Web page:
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DOL and IRS Explain Application of Key Rules to Association Health Plans

EBIA  

EBIA  

DOL, Association Health Plans: ERISA Compliance Assistance; IRS, Questions and Answers on Employer Shared Responsibility Provisions Under the Affordable Care Act

DOL

IRS

The DOL and IRS have each issued guidance addressing rules applicable to association health plans (AHPs) under final regulations issued in June (see our Checkpoint article). The regulations are designed to expand the availability of AHPs by providing an additional basis for a group or association of employers to be treated as an “employer” sponsoring a single ERISA-covered multiple employer group health plan. A DOL compliance assistance publication summarizes key ERISA rules applicable to AHPs, and notes that other laws may also apply. Highlights include:

  • Disclosure Rules. The DOL characterizes summary plan descriptions, summaries of material modifications, and summaries of benefits and coverage as three of the most important disclosures, and includes a link to a separate Reporting and Disclosure Guide for Employee Benefit Plans.
  • Reporting Rules. AHPs, whether fully insured or self-insured, generally must file both a Form 5500 and a Form M-1 annually with the DOL. The publication observes that both forms are available on the DOL’s Reporting and Filing webpage and that filings for existing AHPs can be obtained from the searchable Form M-1 database.
  • Claims Administration. Noting that benefit determinations and claims procedures are subject to specific timing and other rules, the publication refers to FAQs about application of the ERISA benefit claims procedure regulation to group health and disability plans.
  • COBRA. After summarizing the basic requirements for COBRA continuation coverage—including inapplicability of COBRA to small employers (those with fewer than 20 employees), the DOL indicates that future guidance is anticipated on applicability of COBRA to small employers participating in AHPs. A link to an employer’s guide to COBRA is provided.
  • Consumer Health Protections. According to the publication, this category includes the requirements set forth in Part 7 of ERISA, such as HIPAA portability, the Affordable Care Act (ACA), mental health parity, and GINA, among others. Reference is made to the DOL’s separate compliance assistance guide describing these requirements.
  • Fiduciary Rules. The publication describes ERISA fiduciary duties and specifically mentions ERISA’s requirements for plan assets to be held in trust and for written plan documents (which, among other things, must name fiduciaries responsible for control and administration of the plan). The publication also indicates that employers participating in an AHP generally have a fiduciary duty to monitor the AHP and get periodic reports on management and administration of the AHP. Prohibited transactions—and possible statutory and administrative exemptions, such as the exemption for payments to plan service providers—are also addressed.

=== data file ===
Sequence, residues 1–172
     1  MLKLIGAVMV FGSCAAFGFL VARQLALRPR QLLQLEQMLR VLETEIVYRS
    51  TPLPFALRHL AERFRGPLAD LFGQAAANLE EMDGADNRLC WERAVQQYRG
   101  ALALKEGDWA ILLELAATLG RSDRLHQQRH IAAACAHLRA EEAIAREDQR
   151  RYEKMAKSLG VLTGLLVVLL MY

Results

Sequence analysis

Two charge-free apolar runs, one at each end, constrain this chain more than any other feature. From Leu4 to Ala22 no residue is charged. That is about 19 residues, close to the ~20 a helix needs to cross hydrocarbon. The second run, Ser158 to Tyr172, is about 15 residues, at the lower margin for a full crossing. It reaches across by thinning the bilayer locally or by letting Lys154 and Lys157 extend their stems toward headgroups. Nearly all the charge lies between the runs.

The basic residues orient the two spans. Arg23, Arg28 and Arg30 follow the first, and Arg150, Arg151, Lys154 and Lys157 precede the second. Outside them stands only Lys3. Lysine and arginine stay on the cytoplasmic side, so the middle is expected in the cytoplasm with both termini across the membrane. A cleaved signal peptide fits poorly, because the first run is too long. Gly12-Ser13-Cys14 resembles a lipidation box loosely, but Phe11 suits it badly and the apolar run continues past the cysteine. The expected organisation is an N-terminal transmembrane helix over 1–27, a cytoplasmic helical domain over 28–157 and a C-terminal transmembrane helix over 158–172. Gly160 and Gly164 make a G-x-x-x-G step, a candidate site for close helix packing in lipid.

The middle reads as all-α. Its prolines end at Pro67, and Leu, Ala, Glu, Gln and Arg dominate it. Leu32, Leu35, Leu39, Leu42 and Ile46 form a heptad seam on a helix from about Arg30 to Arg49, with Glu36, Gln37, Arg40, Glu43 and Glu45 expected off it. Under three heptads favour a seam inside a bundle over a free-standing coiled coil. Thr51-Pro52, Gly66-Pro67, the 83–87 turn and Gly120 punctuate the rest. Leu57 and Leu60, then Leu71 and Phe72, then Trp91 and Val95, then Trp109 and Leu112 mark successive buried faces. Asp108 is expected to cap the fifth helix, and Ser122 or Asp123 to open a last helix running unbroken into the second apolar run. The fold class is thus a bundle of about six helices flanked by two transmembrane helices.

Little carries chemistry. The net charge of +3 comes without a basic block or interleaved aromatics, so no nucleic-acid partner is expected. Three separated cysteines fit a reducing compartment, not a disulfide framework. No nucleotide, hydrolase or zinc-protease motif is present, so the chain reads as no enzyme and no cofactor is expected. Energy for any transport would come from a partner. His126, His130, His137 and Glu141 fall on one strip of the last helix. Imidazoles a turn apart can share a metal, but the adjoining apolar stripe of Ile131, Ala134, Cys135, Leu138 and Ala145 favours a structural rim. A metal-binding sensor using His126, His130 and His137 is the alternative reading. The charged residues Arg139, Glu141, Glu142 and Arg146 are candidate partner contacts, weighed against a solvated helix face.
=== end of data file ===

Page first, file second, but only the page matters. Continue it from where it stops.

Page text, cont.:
• Voluntary Correction. The DOL notes that its Voluntary Fiduciary Correction Program (VFCP) and Delinquent Filer Voluntary Compliance Program are available to correct certain compliance failures. The publication suggests that the VFCP may be used to correct an employer’s failure to promptly send employee contributions to the AHP.
  • Enforcement. The DOL explains that its enforcement authority for multiple employer welfare arrangements (MEWAs) applies to AHPs. Enforcement may consist of cease-and-desist orders, orders to seize assets of MEWAs in a financially hazardous condition, and criminal penalties for false statements in the sale or marketing of MEWAs. The publication refers to the DOL’s MEWA guide for further information. The publication also notes that ERISA gives the states authority to regulate AHPs.

The publication concludes with a reminder that AHPs can elect to operate under either the final regulations or under previous DOL guidance, and summarizes applicability dates for AHPs established under the final regulations.

Separately, the IRS has updated its Questions and Answers on Employer Shared Responsibility Provisions Under the Affordable Care Act with a new Q/A addressing AHPs. The new entry clarifies that an employer that is not an applicable large employer (ALE) for purposes of employer shared responsibility under health care reform does not become an ALE solely due to participation in an AHP, and an ALE continues to be subject to employer shared responsibility regardless of its participation in an AHP. According to the IRS, the controlled group rules provide the only circumstance in which multiple employers are treated as a single employer for purposes of determining whether the employer is an ALE. [EBIA Comment: In other words, a non-ALE is not transformed into an ALE merely because it participates in an AHP treated as a single plan in the large group market.]

EBIA Comment: Although AHPs may be structured to avoid some ACA reforms applicable to the individual and small group markets, the DOL publication stresses that AHPs—and participating employers—continue to be subject to a multitude of legal requirements. Although the final regulations simplify some aspects of AHP creation and administration, there is still plenty of complexity. For more information, see EBIA’s ERISA manual at Sections XIX (“MEWAs—Multiple Employer Welfare Arrangements”) and XXVIII (“Fiduciary Duties Under ERISA”). See also EBIA’s Self-Insured Health Plans manual at Section V.E.2 (“Certain Plans Are Subject to State Mandates”), EBIA’s COBRA manual at Section V.M (“Multiple Employer Welfare Arrangements (MEWAs)”), and EBIA’s Health Care Reform manual at Section XXVIII.B (“Large Employers Are Potentially Subject to an Assessable Payment (Penalty Tax)”).

Contributing Editors: EBIA Staff.

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